Although Kazakhs form the majority of Kazakhstan’s population, this is a multiethnic country, made so by the sheer diversity of peoples deported to Kazakhstan under Stalin from every corner of the Soviet Union, from Greeks and Koreans to Chechens and Jews. Interethnic harmony generally reigns, and the government encourages everyone to think of themselves as Kazakhstanis as well as ethnic Kazakhs, Russians, Ukrainians etc. Of the 17 million population, 65.5% are Kazakhs – a big upswing since Soviet times. Since independence in 1991, over three million Russians, Germans and Ukrainians have left Kazakhstan and over 800,000 oralman (ethnic Kazakhs repatriating from other countries) have arrived. Other ethnic groups are Russians (21.5%), Uzbeks (3%), Ukrainians (1.8%), Germans, Tatars and Uyghurs (1% to 1.4% each), and more than 100 others. Southern areas of Kazakhstan today are about 90% Kazakh, while in some northern towns the majority population is ethnic Russian.
Kazakh culture, rooted in oral tradition, survives most strongly in the countryside, although urban Kazakhs are also showing a growing interest in their roots. City-dwellers often still decorate their homes with colourful, yurt-style carpets and tapestries.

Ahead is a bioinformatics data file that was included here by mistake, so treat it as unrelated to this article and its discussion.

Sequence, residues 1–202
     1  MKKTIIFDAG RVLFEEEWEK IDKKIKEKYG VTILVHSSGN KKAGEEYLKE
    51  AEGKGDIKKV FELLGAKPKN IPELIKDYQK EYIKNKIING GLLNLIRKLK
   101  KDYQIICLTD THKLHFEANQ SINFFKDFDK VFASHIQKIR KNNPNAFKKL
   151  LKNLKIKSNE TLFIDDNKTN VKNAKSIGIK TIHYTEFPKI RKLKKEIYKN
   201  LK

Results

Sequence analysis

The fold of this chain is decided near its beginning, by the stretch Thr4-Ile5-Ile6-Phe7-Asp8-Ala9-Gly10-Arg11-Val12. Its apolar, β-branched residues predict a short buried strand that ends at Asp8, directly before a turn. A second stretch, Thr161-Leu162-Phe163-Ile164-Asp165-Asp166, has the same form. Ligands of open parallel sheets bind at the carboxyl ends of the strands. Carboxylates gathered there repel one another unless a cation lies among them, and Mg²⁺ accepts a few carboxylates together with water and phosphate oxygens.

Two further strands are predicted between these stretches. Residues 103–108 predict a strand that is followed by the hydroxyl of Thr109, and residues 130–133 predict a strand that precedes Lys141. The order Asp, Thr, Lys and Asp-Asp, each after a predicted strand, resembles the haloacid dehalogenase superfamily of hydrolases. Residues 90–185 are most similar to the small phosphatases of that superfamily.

Family, respect for elders and traditions of hospitality remain very important to Kazakhs. Ancestry determines a person’s zhuz (horde) and clan. The best ancestor of all is Chinggis Khan, and right up to the 20th century the Kazakh nobility consisted of those who could trace their lineage back to him.
Kazakh tradition is most on display during the spring festival Nauryz (Navrus; 22 March), when families gather, don traditional dress, eat special food, and enjoy traditional music and games rooted in their equestrian traditions, such as kokpar (local traditional polo played with a goat carcass) and kyz kuu (a boy–girl horse chase: if he wins he gets to kiss her, if she wins she beats him with her riding whip). Falconry (hunting with birds of prey) is another still-beloved Kazakh tradition. Also lingering from the past is the practice of bride stealing (with or without the bride’s consent), which can still happen in some rural areas and the more Kazakh-dominated towns in the south.
Islam, Kazakhs' predominant faith, is at its strongest in the deep south and has a strong Sufic strain. Pilgrimages to the mausoleum of Kozha Akhmed Yasaui at Turkestan and the desert shrine of Beket-Ata, east of Aktau, are important ways for Kazakh Muslims to affirm their faith. The younger generation tends to be more religious than their Soviet-born parents, and some – to the concern of the general population – are turning to the more severe form of Sunni Islam, exported by Saudi Arabia, that funds some of Kazakhstan's mosques. Christianity (mainly Russian Orthodox) claims about a quarter of the population. The government stresses Kazakhstan’s tradition of religious tolerance.